Onondaga County Medical Society calls health program realignment a poor decision
The Onondaga County Medical Society has taken an official stance against the proposed realignment of the Human Services Division of Onondaga County's government. The physicians organization believes the plan to take the Maternal Health and Child Wellness programs out of the purview of the Health Department is a bad move.
The organization has six major concerns about the move, says society treasurer Dr. Richard Beers. He says it starts with the unintended consequences of changing the relationship doctors already have with health care providers involved in the county’s programs.
"They utilize the services and know when to put them in effect for patients and families, and these relationships will be disrupted," Beers said.
The society has issued a statement that says members believe taking these programs out of the umbrella of the Health Department and moving them to the Department of Child and Family Services would be detrimental to public health.
“Our concern there is that this well oiled machine will be displaced, and put in a new structure," Beers said. "It’s generally not under Family and Health Services in New York state.”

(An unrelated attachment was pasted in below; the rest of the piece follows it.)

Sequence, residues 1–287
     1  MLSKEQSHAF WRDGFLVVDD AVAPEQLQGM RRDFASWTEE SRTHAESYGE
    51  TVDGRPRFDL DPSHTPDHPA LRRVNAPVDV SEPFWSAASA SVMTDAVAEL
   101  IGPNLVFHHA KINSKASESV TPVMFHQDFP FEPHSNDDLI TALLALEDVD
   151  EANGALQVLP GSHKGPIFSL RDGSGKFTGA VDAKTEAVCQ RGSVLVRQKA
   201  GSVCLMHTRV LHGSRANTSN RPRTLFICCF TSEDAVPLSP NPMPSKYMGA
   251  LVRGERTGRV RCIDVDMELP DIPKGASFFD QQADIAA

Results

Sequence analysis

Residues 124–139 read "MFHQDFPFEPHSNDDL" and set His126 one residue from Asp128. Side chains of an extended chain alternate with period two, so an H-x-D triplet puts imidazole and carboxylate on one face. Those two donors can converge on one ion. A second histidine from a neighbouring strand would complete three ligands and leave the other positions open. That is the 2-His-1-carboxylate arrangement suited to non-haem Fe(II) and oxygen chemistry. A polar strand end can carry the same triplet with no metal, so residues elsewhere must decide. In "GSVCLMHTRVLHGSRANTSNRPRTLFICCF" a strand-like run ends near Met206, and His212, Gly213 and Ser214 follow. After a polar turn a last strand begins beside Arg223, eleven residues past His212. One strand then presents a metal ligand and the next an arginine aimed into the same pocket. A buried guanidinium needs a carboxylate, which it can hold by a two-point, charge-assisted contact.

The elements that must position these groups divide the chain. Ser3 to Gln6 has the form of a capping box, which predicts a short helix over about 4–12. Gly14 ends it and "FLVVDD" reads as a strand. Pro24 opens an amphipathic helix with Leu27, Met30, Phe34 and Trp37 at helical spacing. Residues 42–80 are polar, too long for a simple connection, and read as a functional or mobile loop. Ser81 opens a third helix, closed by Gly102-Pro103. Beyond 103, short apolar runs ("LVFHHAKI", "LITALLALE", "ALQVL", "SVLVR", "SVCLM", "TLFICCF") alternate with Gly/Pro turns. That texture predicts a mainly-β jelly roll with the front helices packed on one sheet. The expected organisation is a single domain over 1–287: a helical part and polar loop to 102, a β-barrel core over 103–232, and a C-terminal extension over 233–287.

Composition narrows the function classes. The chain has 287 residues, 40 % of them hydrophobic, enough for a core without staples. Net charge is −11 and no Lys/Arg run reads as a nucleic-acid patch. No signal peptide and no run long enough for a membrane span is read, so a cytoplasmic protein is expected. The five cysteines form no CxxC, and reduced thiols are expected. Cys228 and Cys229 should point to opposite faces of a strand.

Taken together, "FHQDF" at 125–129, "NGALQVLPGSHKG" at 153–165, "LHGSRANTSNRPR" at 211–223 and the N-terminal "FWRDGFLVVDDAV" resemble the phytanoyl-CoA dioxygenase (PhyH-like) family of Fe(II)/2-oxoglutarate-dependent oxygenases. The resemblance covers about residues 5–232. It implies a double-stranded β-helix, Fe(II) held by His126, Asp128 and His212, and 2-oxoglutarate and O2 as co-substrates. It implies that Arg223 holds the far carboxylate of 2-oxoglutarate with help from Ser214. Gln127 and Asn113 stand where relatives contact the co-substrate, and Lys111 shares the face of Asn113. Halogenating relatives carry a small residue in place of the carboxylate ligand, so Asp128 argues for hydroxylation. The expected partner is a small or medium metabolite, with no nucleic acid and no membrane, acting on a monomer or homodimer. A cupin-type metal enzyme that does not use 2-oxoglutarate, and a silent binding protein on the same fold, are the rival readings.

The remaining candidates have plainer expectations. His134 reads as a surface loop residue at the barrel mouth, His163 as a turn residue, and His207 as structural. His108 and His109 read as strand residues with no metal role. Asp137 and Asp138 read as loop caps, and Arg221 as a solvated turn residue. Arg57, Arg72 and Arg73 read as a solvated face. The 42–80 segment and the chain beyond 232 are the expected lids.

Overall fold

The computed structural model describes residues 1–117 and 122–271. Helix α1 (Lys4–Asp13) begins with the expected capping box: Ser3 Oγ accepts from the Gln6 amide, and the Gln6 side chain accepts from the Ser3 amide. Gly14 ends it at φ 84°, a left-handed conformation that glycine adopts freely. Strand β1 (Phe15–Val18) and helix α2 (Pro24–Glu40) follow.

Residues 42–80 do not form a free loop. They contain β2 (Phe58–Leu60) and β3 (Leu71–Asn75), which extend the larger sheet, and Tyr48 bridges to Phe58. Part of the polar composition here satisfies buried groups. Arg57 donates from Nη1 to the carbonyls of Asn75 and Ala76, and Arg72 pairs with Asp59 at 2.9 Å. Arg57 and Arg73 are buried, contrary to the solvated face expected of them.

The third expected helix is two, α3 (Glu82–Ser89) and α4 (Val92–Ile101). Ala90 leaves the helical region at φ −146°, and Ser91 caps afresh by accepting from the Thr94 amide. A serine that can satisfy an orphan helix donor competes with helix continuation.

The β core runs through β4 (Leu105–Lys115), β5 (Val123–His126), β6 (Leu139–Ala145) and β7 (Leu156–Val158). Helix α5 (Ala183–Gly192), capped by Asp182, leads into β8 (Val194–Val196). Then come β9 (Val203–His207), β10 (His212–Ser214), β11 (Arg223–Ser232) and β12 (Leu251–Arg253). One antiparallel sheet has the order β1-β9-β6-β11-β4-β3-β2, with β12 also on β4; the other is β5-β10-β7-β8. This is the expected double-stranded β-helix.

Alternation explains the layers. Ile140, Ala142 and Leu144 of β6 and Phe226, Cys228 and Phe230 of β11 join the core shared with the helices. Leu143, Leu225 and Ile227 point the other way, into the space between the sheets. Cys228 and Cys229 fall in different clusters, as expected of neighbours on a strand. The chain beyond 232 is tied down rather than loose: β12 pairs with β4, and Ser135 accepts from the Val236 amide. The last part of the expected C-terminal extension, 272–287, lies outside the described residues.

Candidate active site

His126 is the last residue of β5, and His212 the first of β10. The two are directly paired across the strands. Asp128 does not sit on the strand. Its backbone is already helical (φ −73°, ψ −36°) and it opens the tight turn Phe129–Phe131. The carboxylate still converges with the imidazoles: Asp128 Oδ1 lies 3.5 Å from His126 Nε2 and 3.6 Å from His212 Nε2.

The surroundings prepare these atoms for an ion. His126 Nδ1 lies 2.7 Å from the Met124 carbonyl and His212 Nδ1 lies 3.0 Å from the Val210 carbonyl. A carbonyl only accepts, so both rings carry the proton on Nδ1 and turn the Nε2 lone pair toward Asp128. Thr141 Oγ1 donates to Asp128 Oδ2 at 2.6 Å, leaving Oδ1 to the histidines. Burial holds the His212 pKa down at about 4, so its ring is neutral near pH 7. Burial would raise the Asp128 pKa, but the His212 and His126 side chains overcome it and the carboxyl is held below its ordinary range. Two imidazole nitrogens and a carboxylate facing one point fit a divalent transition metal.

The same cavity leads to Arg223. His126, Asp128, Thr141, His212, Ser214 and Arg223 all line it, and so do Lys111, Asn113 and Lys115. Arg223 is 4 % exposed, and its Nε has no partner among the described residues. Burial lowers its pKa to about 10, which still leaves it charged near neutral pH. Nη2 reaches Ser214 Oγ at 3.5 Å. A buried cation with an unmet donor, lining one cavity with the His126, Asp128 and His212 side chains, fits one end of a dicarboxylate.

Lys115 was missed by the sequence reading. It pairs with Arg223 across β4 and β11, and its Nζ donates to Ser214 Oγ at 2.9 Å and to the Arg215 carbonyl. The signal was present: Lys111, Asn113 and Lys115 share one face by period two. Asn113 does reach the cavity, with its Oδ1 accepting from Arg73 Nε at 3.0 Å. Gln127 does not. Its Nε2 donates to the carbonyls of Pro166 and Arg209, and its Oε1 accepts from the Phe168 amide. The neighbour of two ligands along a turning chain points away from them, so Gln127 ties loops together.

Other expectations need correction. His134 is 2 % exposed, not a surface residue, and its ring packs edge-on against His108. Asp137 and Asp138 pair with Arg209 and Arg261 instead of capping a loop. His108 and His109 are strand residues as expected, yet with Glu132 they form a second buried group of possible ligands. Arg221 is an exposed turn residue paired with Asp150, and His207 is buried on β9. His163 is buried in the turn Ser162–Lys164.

There are also concerns that vulnerable families might not want to get health services from the same arm of government that is associated with child protective services. Then there are questions about whether grants, which currently fund many of these wellness programs, are in jeopardy.
Beers says it just makes sense to keep medical officials in charge of health programs that affect vulnerable families.
“Now we’re going down an untested path, and putting this service in the hands of another division that is more associated with regulatory and administrative and enforcement functions rather than providing for the health and welfare of the citizen,” Beers explained.
Ultimately, he says the organization believes health care professionals are best suited to helping these families.
"It needs to be overseen by a health care professional who understands these, not by someone who is not involved in health care, and not aware of what goes on in the trenches within these programs and direct care to patients," Beers said.
The Onondaga County Medical Society hopes this message gets to the state Department of Health, which Beers says has not weighed in on the issue, and to the Onondaga County lawmakers who will make the budget decisions this fall that would pay for the realignment.
County officials say they are changing things to make services to the community more seamless, and say they will hire a medical director to oversee these programs.